Composing Career Bootcamp

When You've Tried Everything (And Nothing's Working)

⭐️ highlights 💼 finding work 🧠 mindset Jul 04, 2024
 

So, you've been trying to do composing professionally for a long time now.

Maybe you've even dreamt of this career ever since you were a kid.

You love the idea of...

  • 🥰 Doing what you love for a living
  • 🤩 Getting to work on cool projects
  • 😎 Getting to work with cool people
  • 🤑 Getting paid well to do it

And yet...

You're now hitting a point where all the things you've tried to get there AREN'T working.

Worst of all - you've got no idea what to do next.

I've been there, too. 👋

I remember sitting on a beach in 2020 during the global COVID pandemic, thinking to myself:

"I don't love making music anymore."

 See...

I'd overworked myself.

I'd tried so hard for so long that I became burnt out, pessimistic, and hopeless.

But it didn't stop there.

Because I'd attached so much of my self worth to my art that - without any composing work - I started experiencing panic attacks.

Every time I'd sit down to write music, I'd get tight in the chest.

So I'd lie on the couch instead.

Doing nothing.

And the cycle repeated for months.

So if you're feeling that way, I want you to know that you're not alone.

And there's good news.

This insurmountable obstacle that you feel like is stopping you from getting where you want to go is actually just a tiny little roadblock in the whole of your career.

This career is NOT a straight line to the top.

It's a path full of hills and valleys.

And the things you'll learn when you're stuck in those valleys are some of the most valuable lessons for the future of your career.

With that in mind...

I'd like to share some pointers for what to focus on during this time.

First off, you've got to focus on your health.

Right now, you're drained.

The tank is empty.

And you need to refuel, replenish yourself, and do some things you love again so you can keep moving forward.

Despite what "grind culture" tells you...

The people who find long-term success in this career are NOT people who simply keep their head down.

They're the people who can maintain the energy to see this through to the end.

Go find things you love doing that AREN'T music.

In quarantine, I started to explore new hobbies, like:

  • 📚 Reading self-improvement books
  • 🕹️ Playing video games
  • ☕️ Socializing more
  • 🪵 Woodworking

Now...

I didn't do any of those things with the goal of "recharging so I can get right back to my career".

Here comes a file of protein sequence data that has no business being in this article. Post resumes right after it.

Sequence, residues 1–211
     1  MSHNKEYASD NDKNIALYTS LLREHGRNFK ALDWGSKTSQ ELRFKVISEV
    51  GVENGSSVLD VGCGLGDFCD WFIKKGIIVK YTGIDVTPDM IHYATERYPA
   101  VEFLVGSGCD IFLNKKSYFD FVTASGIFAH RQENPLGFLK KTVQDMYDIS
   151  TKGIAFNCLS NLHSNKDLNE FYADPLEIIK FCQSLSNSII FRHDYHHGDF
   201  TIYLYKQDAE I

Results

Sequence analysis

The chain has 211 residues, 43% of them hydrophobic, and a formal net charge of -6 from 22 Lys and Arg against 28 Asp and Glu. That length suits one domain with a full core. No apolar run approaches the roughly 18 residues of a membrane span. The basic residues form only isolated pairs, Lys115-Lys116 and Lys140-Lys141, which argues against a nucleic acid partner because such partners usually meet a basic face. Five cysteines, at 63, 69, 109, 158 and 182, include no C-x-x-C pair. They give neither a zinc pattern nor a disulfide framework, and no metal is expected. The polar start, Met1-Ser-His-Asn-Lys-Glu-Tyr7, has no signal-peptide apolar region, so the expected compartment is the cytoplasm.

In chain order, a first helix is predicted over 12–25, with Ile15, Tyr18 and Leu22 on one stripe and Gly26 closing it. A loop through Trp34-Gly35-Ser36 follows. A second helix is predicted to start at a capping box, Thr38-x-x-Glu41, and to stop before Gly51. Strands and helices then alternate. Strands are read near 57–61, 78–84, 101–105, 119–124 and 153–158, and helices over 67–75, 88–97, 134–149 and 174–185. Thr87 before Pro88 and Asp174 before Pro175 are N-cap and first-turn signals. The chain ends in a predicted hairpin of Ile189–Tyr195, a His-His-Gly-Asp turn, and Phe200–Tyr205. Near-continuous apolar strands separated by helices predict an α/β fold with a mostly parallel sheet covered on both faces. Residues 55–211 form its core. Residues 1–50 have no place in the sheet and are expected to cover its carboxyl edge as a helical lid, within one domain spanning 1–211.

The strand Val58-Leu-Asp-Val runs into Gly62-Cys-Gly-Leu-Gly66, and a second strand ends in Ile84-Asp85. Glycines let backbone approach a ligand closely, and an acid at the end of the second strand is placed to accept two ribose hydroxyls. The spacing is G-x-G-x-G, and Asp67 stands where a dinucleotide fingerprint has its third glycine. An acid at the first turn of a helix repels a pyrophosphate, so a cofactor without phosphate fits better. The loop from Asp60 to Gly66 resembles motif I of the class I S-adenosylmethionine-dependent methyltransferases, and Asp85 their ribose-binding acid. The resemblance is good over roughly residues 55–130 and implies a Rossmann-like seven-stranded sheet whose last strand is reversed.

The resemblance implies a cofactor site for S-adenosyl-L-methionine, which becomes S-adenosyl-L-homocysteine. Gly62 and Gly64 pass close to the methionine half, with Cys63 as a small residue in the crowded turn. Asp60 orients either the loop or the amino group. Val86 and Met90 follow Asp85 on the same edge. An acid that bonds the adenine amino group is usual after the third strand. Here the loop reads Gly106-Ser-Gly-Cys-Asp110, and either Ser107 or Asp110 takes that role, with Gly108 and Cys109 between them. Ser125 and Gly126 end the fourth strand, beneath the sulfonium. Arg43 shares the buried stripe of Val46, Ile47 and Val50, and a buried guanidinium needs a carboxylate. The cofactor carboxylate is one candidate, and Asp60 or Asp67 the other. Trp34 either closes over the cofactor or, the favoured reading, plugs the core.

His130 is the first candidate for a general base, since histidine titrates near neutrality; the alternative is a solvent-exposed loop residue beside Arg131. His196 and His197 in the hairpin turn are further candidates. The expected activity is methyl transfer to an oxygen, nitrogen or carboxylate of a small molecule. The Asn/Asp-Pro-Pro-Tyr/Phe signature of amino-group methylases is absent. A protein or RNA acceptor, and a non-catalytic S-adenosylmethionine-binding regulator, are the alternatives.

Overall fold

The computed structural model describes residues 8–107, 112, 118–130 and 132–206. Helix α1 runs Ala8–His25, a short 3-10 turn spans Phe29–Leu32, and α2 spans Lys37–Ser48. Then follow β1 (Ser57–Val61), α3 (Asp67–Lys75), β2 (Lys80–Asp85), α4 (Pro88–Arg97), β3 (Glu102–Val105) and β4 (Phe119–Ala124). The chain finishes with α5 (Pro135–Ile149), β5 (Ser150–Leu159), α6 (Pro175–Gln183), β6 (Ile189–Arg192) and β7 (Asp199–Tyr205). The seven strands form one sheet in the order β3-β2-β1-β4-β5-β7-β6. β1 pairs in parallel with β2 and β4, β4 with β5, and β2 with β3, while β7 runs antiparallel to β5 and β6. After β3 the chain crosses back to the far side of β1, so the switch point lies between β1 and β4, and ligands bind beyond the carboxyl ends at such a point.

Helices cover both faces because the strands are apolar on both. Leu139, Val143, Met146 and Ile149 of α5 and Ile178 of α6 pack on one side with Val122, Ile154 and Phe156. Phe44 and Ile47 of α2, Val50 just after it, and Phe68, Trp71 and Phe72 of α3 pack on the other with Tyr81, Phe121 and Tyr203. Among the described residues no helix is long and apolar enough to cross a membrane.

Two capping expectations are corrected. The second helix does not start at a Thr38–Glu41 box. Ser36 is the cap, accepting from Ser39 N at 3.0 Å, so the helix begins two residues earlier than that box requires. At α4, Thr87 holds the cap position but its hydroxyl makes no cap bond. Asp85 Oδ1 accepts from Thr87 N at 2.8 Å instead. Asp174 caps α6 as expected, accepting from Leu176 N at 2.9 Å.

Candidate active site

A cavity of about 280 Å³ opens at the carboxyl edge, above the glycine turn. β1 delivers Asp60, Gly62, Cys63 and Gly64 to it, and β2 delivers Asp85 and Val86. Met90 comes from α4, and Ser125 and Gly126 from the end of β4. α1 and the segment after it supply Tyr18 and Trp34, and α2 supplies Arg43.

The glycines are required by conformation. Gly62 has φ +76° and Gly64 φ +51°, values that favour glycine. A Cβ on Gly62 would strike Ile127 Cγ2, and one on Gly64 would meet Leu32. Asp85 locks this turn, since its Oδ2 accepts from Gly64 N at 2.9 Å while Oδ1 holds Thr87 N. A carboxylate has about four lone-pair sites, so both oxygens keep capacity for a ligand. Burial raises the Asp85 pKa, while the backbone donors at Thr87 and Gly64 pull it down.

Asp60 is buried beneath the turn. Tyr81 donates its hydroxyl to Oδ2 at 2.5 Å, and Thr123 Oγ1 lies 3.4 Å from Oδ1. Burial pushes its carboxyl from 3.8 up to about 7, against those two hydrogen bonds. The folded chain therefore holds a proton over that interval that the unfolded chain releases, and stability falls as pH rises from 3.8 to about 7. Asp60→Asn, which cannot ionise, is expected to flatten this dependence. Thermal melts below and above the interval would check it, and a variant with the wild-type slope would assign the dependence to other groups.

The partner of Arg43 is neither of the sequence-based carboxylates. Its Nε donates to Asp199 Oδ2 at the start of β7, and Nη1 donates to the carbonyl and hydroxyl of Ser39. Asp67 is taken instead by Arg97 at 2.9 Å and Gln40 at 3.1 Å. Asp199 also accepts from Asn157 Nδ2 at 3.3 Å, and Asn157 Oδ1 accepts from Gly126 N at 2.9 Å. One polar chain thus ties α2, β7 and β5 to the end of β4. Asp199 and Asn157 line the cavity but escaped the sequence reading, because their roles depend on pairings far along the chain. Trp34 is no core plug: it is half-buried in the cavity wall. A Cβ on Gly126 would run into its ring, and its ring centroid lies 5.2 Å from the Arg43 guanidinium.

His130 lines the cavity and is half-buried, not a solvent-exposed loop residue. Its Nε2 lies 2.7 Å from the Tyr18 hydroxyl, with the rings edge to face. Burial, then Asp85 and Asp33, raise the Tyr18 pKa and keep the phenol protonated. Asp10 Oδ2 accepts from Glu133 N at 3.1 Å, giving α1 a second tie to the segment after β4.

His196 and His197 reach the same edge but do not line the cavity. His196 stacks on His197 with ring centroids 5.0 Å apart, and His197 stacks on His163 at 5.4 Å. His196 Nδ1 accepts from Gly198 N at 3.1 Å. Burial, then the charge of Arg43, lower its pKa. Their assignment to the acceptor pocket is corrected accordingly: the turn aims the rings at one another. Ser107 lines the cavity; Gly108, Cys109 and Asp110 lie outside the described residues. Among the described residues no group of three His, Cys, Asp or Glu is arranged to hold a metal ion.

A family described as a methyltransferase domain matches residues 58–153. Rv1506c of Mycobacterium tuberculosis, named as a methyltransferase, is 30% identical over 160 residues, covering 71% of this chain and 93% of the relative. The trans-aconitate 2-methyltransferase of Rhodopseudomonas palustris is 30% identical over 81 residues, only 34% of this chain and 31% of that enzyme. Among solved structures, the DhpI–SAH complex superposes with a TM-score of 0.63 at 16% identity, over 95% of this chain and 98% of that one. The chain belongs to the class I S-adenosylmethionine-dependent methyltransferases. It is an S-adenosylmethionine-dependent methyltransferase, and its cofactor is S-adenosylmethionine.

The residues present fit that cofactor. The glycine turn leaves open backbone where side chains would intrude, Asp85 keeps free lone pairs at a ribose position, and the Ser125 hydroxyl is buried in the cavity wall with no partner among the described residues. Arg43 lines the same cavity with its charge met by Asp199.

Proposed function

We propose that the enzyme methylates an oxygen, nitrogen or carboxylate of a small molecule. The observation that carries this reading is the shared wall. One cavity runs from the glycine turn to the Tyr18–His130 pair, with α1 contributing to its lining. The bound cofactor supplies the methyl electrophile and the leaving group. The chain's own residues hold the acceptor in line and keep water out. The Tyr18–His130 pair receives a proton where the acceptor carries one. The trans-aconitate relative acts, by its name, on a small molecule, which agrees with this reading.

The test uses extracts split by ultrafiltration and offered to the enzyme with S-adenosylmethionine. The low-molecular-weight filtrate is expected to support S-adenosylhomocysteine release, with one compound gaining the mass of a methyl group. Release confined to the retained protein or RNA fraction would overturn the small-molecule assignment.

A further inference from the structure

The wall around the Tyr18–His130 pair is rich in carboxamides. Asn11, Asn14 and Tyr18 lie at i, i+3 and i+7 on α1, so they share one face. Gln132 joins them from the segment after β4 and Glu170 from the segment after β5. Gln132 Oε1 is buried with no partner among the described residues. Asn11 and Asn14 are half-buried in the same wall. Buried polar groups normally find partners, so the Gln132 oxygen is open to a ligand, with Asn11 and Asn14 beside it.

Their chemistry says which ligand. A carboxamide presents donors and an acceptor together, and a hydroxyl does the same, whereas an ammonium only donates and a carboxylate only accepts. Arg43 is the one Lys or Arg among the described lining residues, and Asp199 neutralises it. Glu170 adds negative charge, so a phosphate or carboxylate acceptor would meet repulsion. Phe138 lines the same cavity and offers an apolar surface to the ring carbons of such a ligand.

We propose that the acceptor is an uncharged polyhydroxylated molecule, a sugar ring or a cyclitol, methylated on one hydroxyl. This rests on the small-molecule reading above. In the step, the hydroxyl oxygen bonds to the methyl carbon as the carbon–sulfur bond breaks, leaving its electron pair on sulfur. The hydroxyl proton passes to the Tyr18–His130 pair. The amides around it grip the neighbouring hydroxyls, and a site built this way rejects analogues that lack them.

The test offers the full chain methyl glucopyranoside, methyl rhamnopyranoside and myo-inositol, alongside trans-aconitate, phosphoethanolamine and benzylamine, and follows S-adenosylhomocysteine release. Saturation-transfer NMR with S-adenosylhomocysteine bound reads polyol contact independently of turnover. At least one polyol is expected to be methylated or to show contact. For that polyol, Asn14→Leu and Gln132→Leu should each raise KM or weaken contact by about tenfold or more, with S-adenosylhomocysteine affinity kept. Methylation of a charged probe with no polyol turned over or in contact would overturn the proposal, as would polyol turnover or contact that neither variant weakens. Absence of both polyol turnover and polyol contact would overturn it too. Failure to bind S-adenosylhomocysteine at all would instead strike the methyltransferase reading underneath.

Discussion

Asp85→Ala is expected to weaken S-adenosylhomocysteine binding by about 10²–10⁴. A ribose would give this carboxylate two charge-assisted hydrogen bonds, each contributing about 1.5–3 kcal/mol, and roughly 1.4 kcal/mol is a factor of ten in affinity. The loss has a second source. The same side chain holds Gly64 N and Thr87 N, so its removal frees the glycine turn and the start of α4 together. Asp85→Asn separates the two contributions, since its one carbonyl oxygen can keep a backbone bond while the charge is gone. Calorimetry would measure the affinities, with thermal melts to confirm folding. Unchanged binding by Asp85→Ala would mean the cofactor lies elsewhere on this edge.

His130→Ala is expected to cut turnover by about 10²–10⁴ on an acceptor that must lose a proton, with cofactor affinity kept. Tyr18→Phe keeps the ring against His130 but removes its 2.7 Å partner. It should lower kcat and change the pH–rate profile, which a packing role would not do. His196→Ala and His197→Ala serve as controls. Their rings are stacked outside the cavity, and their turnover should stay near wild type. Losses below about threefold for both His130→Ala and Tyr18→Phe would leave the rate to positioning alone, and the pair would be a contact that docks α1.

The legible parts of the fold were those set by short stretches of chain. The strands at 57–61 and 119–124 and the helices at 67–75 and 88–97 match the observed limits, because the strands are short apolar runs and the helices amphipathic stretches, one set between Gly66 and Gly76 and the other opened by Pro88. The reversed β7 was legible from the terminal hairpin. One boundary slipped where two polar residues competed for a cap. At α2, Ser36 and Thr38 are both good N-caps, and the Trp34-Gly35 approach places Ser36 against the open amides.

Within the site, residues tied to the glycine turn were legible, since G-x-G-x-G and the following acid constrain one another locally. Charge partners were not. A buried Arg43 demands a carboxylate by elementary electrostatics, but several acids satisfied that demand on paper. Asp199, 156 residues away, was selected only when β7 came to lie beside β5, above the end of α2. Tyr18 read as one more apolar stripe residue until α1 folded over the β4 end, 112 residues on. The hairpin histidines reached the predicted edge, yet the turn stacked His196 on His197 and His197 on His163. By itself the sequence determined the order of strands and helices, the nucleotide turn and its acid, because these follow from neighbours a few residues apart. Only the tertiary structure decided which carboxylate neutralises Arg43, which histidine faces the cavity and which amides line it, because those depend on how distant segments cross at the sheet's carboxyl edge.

Instead, I did these things for myself.

Next, I'd like you to exercise more patience.

Sometimes when things aren't working the way we hoped, our instinct is to try and changet things.

We think:

"That email I sent didn't get answered yet - what did I do wrong??"

Take a breath.

Slow down.

And ask yourself:

"Am I REALY being patient enough to accurately see the results of the things I'm trying?"

In most cases, you're not doing anything wrong.

You just need to do it more, and you just need more time.

I've had SO many times where I tried things with no immediate wins, thought I'd messed up, and then years later had those things I tried reward me eventually.

I've had times where I've reached out to people with no response for YEARS, and then suddenly landed work.

In fact...

One of the best gigs I had - writing additional music for Kung Fu Panda: The Dragon Knight (Netflix) - came from not ONE email to the composer...

Not TWO emails...

Not THREE emails...

But four emails, numerous in-person hangouts, and tons of back-and-forth messages over the course of years.

Now...

If I'd only sent that first email, thought it didn't work, and immediately pivoted, I'd never have gotten to write for that show.

Time is an essential ingredient in this career.

And time isn't something you can control - it's something you need to learn to accept.

"But I don't HAVE much time left! Time's running out!"

 I hear that one all the time.

But is that really true?

Is time really running out?

Or are you just trying to get there faster?

Here's a perspective flip:

It's GOOD if it takes you a long time to get there.

That means you'll be that much more prepared with a sustainable attitude, mistakes you've learned from, and skills you've developed.

Because by the time you get what you want in your career...

You want to have a good lifestyle.

You want to feel good about yourself.

You want to be able to say no.

What you DON'T want is to attach yourself to your career so deeply that when there's no work, you feel like your life is falling apart.

That's where I was at.

And until you overcome that, the doors to long-term success will remain shut.

Remember:

Sometimes you are doing everything right, and you just need more time.

The more you can be at peace with that, the happier you'll be.

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